Native record and provoking tests
Native Record (NO EVOKED POTENTIALS)
However the term describes the creation of an electroencephalogram using the method of electroencephalography. First observed over 80 years ago it measures and records electrical signals, created by the neurons of the cortex, using small disks of silver chloride as electrodes attached to the scalp. In routine examination 16 unipolar channels are used, with the reference electrode usually attached to the ear.
EEG signals are very low, between 5 to 100 µV. Recording them on an electroencephalogram, not only voltage amplitude is to be seen but also the frequencies, which lead to the term brainwaves, both of them dependent on the mental activity of the brain examined. A normal EEG can look like this:
Beta F: 15-20Hz, A: 5-10 µV (subject in alert state)
Alpha F: 8-13 Hz, A: > 50 µV (subject in relaxed state)
Theta F: 4-7 Hz, A: < 50 µV (subject in deep sleep, children)
Delta F: 0.5-4 Hz, A: 100 µV (pathological)
Why is this method of such a great medical importance? Even though the synchronicity between the actual brain activity and the measured signals on the surface is still of unknown extent, it makes brainmapping(relate certain areas to certain assignments) possible and through this allows the diagnosis of various malfunctions of the cortex, such as epilepsy, brain tumors, parkinson, learning disabilities, migrane and to determine the brain activity (death) during coma. This is partly performed by analyzing the electrical signals that result from the brain receiving external stimuli, evoked potentials, using :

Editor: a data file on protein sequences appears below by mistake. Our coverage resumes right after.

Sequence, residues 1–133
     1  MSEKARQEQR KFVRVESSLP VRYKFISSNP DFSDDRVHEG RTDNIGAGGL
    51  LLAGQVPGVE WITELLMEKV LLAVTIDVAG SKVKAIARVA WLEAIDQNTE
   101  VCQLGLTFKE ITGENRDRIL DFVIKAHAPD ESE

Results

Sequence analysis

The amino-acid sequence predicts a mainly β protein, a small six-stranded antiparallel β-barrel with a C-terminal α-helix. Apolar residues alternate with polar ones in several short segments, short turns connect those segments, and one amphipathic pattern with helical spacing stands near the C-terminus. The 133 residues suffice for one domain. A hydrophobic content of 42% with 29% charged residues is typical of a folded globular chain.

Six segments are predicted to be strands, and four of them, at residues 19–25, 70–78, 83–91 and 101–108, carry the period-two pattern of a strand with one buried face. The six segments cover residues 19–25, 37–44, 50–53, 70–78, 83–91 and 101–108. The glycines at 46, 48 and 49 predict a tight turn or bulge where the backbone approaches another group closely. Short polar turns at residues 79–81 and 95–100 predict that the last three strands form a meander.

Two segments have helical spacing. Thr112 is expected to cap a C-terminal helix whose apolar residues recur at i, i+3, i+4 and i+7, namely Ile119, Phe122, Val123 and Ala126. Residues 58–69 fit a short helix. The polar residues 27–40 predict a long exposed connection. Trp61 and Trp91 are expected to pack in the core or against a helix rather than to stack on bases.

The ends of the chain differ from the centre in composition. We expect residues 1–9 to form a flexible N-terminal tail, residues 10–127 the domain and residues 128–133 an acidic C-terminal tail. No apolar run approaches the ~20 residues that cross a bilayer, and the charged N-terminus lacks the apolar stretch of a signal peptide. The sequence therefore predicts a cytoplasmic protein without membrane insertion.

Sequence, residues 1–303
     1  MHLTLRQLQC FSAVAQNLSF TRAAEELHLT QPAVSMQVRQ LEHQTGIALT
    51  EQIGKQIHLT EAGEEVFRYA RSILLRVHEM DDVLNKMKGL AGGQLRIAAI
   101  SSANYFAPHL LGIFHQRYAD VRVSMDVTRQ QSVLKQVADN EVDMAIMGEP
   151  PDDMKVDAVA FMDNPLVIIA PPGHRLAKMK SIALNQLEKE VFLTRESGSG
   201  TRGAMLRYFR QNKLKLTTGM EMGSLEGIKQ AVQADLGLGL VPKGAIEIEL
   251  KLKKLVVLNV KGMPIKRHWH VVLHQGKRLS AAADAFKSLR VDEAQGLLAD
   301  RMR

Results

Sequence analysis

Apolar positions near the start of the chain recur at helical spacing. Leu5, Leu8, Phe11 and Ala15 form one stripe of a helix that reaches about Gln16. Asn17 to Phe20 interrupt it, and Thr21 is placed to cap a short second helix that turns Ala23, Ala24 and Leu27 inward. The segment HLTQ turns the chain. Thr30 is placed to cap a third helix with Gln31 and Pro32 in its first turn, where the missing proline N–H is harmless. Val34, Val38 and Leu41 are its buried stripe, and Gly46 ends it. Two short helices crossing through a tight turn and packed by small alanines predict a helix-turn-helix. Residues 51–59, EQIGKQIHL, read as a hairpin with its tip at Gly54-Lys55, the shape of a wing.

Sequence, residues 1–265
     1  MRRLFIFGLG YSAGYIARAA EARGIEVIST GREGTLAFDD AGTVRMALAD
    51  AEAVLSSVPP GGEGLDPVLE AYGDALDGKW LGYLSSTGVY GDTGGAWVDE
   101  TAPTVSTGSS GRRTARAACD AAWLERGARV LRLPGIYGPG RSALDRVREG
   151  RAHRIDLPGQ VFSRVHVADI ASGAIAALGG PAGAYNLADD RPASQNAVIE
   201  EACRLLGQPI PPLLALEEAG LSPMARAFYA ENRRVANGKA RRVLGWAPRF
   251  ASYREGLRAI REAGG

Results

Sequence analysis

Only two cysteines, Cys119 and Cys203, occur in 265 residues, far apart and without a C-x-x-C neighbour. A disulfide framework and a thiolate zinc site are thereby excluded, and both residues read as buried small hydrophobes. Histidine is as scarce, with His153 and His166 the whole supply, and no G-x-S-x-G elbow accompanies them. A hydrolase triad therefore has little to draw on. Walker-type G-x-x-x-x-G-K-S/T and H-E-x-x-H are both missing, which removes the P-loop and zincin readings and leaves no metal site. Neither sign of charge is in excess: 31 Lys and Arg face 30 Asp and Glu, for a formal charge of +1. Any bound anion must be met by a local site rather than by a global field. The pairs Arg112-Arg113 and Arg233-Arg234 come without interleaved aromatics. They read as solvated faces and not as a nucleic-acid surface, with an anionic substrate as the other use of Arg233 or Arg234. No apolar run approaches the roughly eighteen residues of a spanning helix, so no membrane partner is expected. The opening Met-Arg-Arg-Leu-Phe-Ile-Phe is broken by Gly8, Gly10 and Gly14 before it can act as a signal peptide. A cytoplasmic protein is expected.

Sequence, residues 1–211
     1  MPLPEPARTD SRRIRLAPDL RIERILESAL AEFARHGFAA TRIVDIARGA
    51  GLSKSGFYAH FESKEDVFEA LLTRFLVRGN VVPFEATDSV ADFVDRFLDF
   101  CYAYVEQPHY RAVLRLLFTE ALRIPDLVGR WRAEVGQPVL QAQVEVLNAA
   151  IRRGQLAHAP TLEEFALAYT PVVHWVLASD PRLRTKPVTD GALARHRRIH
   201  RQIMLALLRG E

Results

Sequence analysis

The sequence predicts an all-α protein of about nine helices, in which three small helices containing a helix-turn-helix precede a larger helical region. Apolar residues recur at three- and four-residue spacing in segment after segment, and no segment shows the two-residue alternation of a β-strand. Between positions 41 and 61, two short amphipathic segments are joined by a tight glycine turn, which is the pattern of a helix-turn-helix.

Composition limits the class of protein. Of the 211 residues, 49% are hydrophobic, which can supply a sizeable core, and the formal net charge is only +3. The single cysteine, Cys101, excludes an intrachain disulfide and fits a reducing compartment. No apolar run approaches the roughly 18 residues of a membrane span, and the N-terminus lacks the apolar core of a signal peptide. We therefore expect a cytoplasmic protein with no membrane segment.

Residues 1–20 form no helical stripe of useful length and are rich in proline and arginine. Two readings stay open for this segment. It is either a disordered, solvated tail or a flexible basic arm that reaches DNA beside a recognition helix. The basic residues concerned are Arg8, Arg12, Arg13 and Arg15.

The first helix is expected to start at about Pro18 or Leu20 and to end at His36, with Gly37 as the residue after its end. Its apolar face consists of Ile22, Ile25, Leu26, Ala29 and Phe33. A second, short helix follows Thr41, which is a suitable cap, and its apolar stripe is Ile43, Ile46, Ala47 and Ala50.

Provoking Tests (EVOKED POTENTIALS)
Early visual stimuli to be used for testing evoked potentials were developed in several laboratories in the 1970s, for example by A.M Halliday, who projected a reversing checkerboard pattern onto a translucent screen, still the most common today(with the difference in the use of a video monitor). Recording the response as EEG is made possible by simple computer programs which extract only the visually evoked potential. The stimulations happens in primary visual cortices but also secondary areas, usually recorded by channels from occipital scalp overlying the calcarine fissure.
In analyzing migrane and seizures (epileptic) you subject the examined persons to strobe light during brainwave measurements to look if a change in the EEG can be seen, “activating” the EEG. A commercial stroboscopic stimulator is placed approx 1 m from the patient’s eyes, which are closed and straight looking.The test is performed by alternating flashes varying from 1 to 35 Hz and lasting for 10 s, interrupted by 10 to 30 s with no stimulation. In healthy people a response can be any level of “driving" in the occipital leads. The first response appears shortly after the stimulator starts and stops when the stimulator stops. Also a photomyogenic response is normal, widespread muscle twitching appears, timed to the stimulator. In case of a neurological illness the stimulation would lead to f.e. seizures shortly after the stimulation started. Next to visual, auditory (click or tone presented through earphones) and tactile or somatosensory (tactile or electrical stimulation of a sensory or mixed nerve in the periphery) stimuli are used to provoke potential.
What does the future hold?
While scientists are exploring how non-invasive electrical brain stimulation kits could alleviate the symptoms of Parkinson’s disease or depression, market researchers use EEG for relating neural measurements to choice prediction for future products.
"Biophysical principles of medical technology" - Prof.MUDr. Ivo Hrazdira, DrSc. Doc. RNDr. Vojtech Mornstrein, Csc. MUDr Ales Bourek ; Brno 2000 ; ISBN 80-210-2414-3